underlying dynamics and its performance is similar to BAPOMCP. None
of the agents in the Collision Avoidance problem (left graph) have converged yet due to
the lack of learning time provided in the episodes (which we cut off
in the interest of time).
Gridworld has comparatively less subtle transitions, and all methods show a
generally quicker learning pace compared to other domains (centre figure).
Nevertheless, BAPOMCP has not converged to the true model yet after
episodes whereas the factored approaches (in particular our method and knowsstructure) do so after less than .
The results on the Factored Tiger problem (right figure) show significantly different behaviour. Firstly, the initial performance of both our method and noreinvigoration is worse than the BAPOMCP and knowsstructure. The reason becomes obvious once you realize that due to the uniform prior over the structure, half of the models in the initial belief contain topologies that cannot represent the intended prior counts. This leads to a change in the initial belief and thus the initial performance is different. With a uniform prior over the structure and without reinvigoration, the agent could accidentally end up converging to a model structure that is unable to express the true underlying dynamics. This is shown spectacularly by noreinvigoration, where the average performance reduces over time. More detailed qualitative analysis showed that in most runs the agent actually performs similar to the other FBAPOMDP agents, however, every now and then the belief converges to a model structure that does not include the tiger location as parent feature in the observation model, leading to a policy that opens doors randomly with an expected return of . Lastly, the lack of improvement of the BAPOMCP agent emphasises the need of factored representations most of all. Due to the large state space the number of variables in the observation model grows too large to learn individually. As a result, even episodes are not enough for the agent to learn a model.
5. Related work
Much of the recent work in Reinforcement Learning in partially observable environments has
been in applications of Deep Reinforcement Learning to POMDPs. To tackle the issue of
remembering past observations, researchers have attempted to employ
Recurrent networks hausknecht2015deep ; zhu2018improving . Others have
introduced inductive biases into the network in order to learn a generative
model to imitate belief updates igl2018deep . While these approaches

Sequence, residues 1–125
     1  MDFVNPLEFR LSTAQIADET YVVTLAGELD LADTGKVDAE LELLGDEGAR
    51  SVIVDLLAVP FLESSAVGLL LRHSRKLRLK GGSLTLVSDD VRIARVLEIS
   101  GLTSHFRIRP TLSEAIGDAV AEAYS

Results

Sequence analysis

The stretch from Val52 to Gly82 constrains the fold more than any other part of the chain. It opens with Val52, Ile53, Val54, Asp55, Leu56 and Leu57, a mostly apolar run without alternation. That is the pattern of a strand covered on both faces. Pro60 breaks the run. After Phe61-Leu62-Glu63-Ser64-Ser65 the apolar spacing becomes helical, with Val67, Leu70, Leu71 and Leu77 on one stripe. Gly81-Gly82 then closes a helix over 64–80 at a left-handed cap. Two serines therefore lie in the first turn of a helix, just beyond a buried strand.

are able to tackle largescale problems, they are not Bayesian and hence do
not share the same theoretical guarantees.
More traditional approaches include the UTree
algorithm mccallum1996reinforcement (and its modifications),
EMbased algorithms such as liu2013online and policy gradient
descent methods baxter2000direct . One of their main drawbacks is
that they do not address the fundamental challenge of the
explorationexploitation tradeoff in POMDPs.
There are other approaches that directly try to address this issue. The InfiniteRPR liu2011infinite is an example of a modelfree approach. The InfinitePOMDP doshi2015bayesian is an example of an modelbased solution method that attempts to do it in a modelbased fashion as well. Their approach is similar in the sense that they learn a model in a Bayesian matter, however their assumptions of prior knowledge and about what is being learned are different.
6. Conclusion
This paper addresses the void for Bayesian Reinforcement Learning models and methods at the intersection of factored models and partially observable domains. Our approach describes the dynamics of the POMDP in terms of graphical models and allows the agent to maintain a joint belief over the state, and both the graph structure and CPT parameters simultaneously. Alongside the framework we introduced FBAPOMCP, a solution method, which consists of an extension of MonteCarlo Tree Search to FBAPOMDPs, in addition to a particle reinvigorating belief tracking algorithm. The method is guaranteed to converge to the optimal policy with respect to the initial, as both the planner and the belief update are unbiased. Lastly we compared it to the current stateoftheart approach on the different domains. The results show the significance of representing and recognizing independent features, as our method either outperforms BAPOMDP based agents or is able to learn in scenarios where tabular methods are not feasible at all.
Acknowledgements
Christopher Amato and Sammie Katt are funded by NSF Grant #1734497, Frans Oliehoek is funded by EPSRC First Grant EP/R001227/1, and ERC Starting Grant #758824—INFLUENCE.